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Headword: *perispa=n
Adler number: pi,1290
Translated headword: to draw off from around, to draw away, to pull off, to peel off
Vetting Status: high
Translation:
[Meaning] to deceive utterly. And to take away something by force.[1]
But [sc. note also] perispa|= ["draws off"] in Sophocles meaning having kept watch over them as they fall together to fall in, draws off outside them; that is, the charioteers.[2]
Polybius [writes]: "for the Romans an objective was to sail to Libya and draw the war away [to] there."[3]
Greek Original:
*perispa=n: e)capata=n. kai\ to\ meta\ bi/as a)fairei=sqai/ ti. *perispa=| de\ para\ *sofoklei= a)nti\ tou= fulaca/menos au)toi=s sumpesou=sin e)mpesei=n, e)/cw a)p' au)tw=n perispa=|: toute/sti toi=s h(nio/xois. *polu/bios: h)=n de\ toi=s *(rwmai/ois pro/qesis e)s *libu/hn plei=n kai\ to\n po/lemon e)kei= perispa=n.
Notes:
The headword (instanced in the final quotation given) is a contracted, epic, present active infinitive; see generally LSJ s.v. perispa/w (I draw off from around, strip off).
[1] The first glossing infinitive, from the verb e)capata/w (I deceive utterly), is the same form as the headword. The headword is identically glossed in Photius, Lexicon pi758 Theodoridis.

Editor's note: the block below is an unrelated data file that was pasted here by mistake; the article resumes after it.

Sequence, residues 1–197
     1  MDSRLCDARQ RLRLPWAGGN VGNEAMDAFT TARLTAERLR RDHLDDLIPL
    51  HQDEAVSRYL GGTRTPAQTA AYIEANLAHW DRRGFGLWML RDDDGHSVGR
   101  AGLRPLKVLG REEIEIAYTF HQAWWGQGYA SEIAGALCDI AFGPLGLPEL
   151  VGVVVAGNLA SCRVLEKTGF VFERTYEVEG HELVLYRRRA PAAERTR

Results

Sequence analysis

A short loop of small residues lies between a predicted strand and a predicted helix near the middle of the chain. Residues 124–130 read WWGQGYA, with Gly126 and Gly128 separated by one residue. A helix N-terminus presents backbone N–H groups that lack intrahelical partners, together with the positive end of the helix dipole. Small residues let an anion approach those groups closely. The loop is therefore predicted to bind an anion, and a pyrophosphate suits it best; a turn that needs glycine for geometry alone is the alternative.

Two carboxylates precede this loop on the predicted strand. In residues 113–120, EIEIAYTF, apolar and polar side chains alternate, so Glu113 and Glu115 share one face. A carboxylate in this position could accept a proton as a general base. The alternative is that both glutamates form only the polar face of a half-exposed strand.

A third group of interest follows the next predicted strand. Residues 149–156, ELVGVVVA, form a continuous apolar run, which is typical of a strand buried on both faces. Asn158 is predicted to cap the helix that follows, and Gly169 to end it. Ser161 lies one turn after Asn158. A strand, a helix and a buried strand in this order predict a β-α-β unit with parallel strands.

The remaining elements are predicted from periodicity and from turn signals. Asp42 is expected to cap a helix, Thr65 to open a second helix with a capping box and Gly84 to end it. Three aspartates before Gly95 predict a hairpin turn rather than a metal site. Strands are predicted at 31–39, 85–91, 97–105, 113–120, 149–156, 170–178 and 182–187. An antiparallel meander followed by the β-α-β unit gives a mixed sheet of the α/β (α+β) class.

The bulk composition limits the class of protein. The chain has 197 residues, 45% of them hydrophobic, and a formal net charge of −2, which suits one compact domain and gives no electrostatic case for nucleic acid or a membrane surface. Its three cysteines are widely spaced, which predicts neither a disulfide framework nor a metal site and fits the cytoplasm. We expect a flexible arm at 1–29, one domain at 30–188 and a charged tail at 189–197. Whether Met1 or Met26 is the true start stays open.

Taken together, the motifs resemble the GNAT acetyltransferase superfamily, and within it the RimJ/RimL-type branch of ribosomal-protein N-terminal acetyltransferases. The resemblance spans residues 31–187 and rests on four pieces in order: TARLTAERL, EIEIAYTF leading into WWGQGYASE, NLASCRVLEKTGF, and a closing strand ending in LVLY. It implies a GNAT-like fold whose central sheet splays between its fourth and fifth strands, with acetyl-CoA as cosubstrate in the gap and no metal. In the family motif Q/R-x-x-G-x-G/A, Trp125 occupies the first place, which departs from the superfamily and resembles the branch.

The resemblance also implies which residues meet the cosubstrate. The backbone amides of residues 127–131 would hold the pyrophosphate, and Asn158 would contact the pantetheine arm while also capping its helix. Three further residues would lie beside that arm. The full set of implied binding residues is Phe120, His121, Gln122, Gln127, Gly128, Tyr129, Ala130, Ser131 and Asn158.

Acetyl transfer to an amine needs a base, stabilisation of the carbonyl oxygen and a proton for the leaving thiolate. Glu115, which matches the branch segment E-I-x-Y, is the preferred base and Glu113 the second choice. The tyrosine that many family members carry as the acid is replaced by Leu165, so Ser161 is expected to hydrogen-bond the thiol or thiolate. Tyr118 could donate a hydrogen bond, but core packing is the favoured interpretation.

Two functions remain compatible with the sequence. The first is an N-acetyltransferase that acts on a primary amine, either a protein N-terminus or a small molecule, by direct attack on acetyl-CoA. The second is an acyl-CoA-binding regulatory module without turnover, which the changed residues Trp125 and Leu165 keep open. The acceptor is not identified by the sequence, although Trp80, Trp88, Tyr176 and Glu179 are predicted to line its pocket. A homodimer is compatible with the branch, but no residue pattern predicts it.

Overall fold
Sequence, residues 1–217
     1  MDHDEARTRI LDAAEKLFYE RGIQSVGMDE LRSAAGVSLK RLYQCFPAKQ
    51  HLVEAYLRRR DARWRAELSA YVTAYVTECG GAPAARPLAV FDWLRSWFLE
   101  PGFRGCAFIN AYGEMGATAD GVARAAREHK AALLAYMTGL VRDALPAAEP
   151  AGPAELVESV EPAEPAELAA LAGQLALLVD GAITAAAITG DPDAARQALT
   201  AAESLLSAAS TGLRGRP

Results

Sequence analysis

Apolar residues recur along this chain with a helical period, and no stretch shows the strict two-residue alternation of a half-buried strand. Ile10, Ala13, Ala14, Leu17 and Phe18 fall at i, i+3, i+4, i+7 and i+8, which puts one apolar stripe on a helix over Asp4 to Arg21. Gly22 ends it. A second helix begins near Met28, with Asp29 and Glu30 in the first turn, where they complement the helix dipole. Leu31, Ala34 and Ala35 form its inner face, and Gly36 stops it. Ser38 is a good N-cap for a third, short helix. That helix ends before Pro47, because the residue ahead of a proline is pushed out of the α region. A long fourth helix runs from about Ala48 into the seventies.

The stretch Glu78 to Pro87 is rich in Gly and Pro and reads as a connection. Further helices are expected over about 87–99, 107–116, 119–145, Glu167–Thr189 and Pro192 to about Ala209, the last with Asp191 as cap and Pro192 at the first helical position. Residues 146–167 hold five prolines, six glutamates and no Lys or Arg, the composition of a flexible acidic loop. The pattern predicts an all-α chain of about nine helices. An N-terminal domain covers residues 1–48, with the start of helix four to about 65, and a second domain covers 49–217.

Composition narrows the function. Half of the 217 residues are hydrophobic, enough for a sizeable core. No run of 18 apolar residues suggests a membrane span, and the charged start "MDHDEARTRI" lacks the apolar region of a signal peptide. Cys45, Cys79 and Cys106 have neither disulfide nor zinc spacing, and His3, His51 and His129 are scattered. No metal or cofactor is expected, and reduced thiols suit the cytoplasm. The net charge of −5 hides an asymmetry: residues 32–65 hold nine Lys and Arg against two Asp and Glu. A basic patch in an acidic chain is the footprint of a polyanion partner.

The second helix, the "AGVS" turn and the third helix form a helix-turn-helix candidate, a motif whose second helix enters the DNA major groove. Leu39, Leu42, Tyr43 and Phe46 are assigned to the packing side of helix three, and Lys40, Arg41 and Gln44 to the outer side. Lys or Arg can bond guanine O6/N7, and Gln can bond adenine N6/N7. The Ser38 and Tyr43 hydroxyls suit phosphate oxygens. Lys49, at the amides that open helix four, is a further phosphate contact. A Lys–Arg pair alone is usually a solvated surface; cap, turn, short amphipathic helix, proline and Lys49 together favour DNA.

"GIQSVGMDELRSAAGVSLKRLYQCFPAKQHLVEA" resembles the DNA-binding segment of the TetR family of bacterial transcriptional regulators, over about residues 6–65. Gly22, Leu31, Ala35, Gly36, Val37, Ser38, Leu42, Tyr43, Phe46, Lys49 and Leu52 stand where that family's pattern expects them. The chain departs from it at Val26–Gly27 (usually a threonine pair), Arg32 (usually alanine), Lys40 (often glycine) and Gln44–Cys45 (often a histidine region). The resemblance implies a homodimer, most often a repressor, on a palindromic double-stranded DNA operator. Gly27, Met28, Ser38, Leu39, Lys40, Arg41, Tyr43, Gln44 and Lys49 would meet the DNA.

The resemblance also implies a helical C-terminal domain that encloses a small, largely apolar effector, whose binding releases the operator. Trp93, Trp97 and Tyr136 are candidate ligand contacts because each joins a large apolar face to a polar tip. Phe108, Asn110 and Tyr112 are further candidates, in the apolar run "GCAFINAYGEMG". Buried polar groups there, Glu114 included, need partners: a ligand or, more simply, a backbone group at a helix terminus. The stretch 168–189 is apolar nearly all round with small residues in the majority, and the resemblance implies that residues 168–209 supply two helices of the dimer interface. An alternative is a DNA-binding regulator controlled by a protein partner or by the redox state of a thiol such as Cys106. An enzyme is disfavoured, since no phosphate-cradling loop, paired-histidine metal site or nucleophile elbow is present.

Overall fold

[2] From a scholion (= scholia vetera) to Sophocles, Electra 732 (web address 1; cf. delta 331), where the Athenian charioteer pulls back from a huge crash involving the racers (all except for Orestes, who was riding last at that moment); Jahn, p. 37. [In her critical apparatus Adler notes that Aemilius Portus pointed out that Sophocles reads *paraspa=| (he draws forcibly aside), even though the Suda repeats the present headword in the quoted line at delta 331; also that ms F transmits perispa=tai, he removes himself outside.]
[3] Polybius 1.26.1 (web address 2), on the Roman strategy in 256 BCE prior to the Battle of Ecnomus (Eknomos, Barrington Atlas Map 47 grid D4), a hill near the town of Phintias (present-day Licata, Italy), on Sicily's southern coast, during the First Punic War (264-241); Walbank, pp. 84-7. [Adler reports that ms V omitted pro/qesis (purpose, plan).]
References:
P. Jahn, Quaestionum de scholiis Laurentianis in Sophoclem prima pars qua agitur de ratione quae inter Suidam et librum Laurentianum intercedit, dissertation, Berlin, 18 August 1884
F.W. Walbank, A Historical Commentary on Polybius, vol. I, Oxford: Clarendon Press, 1957
Associated internet addresses:
Web address 1,
Web address 2
Keywords: athletics; definition; dialects, grammar, and etymology; geography; historiography; history; military affairs; tragedy
Translated by: Ronald Allen on 10 August 2011@01:37:41.
Vetted by:
David Whitehead (modifications to tr; tweaks and cosmetics) on 10 August 2011@04:17:36.
Catharine Roth (upgraded links) on 10 August 2011@08:08:48.
David Whitehead on 26 September 2011@08:39:53.
David Whitehead on 29 September 2013@06:39:56.
Catharine Roth (coding) on 26 March 2015@00:28:09.

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